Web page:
Does your teenager stay up late and then have a tough time getting out of bed for school in the mornings?
If so, this could be part of the reason: Biological sleep patterns shift toward later times for both sleeping and waking during adolescence, meaning it is natural to not be able to fall asleep before 11 p.m., according to the National Sleep Foundation. And teens need about 8-10 hours of sleep each night to function their best, according to the foundation.
Because of this, many school districts across the country, including Fayetteville-Manlius, are investigating changing their school start times so that high school students start classes later.
At F-M, the high school starts at 7:45 a.m. The two middle schools each start at 8 a.m. and the three elementary schools begin at 8:45 a.m. in part because the F-M bus fleet is dispatched in three distinct intervals (high school, middle school and elementary runs).
In 2016, the American Medical Association issued a policy statement that middle and high school start times begin no earlier than 8:30 a.m.
The U.S. Centers for Disease Control and Prevention has also weighed in on the topic, stating, “Not getting enough sleep is common among high school students and is associated with several health risks including being overweight, drinking alcohol, smoking tobacco, and using drugs, as well as poor academic performance.”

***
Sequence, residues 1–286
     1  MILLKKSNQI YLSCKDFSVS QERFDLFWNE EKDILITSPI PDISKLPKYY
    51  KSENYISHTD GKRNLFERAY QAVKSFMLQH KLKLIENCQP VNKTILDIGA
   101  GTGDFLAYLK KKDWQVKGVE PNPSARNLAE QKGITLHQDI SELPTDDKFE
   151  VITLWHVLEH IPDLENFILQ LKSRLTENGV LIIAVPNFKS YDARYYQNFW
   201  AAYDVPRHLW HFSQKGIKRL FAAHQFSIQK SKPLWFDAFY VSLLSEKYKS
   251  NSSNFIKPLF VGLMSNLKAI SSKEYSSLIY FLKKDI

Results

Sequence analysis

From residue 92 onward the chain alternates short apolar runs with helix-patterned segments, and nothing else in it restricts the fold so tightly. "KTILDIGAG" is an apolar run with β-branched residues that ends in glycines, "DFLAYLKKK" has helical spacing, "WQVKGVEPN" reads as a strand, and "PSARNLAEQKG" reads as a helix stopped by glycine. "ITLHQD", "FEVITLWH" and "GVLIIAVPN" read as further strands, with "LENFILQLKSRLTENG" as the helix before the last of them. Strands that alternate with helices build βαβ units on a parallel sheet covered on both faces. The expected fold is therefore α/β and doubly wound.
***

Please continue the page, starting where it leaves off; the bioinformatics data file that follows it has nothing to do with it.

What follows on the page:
In 2016, the F-M High School Site-Based Team, which is made up of parents, teachers, administrators and students, brought the issue to the F-M Board of Education, asking for a districtwide study related to start times. With the voter-approved facilities project underway, the board is now ready to move forward with studying modified start times across the district. In fact, the construction phasing may impact school schedules and how the buses are dispatched.
“The impact of our current capital project and its upcoming construction on our daily routines suggest that this may be the perfect time to consider our options and to research this important topic,” Superintendent Craig J. Tice said.
On Jan. 28, 2019, the board approved the district working with Children’s National Health System, which is based in Washington D.C. and specializes in a range of pediatric services and research, including sleep as it relates to school start times.
“We have seen what the research says, but we want to know how changing our start times would affect our students, staff, families and community,” Dr. Tice said. “There are many things to consider about changing school start times, such as impacts upon transportation, after-school activities, sports programs and the work schedules of our students and their parents and guardians and our staff.”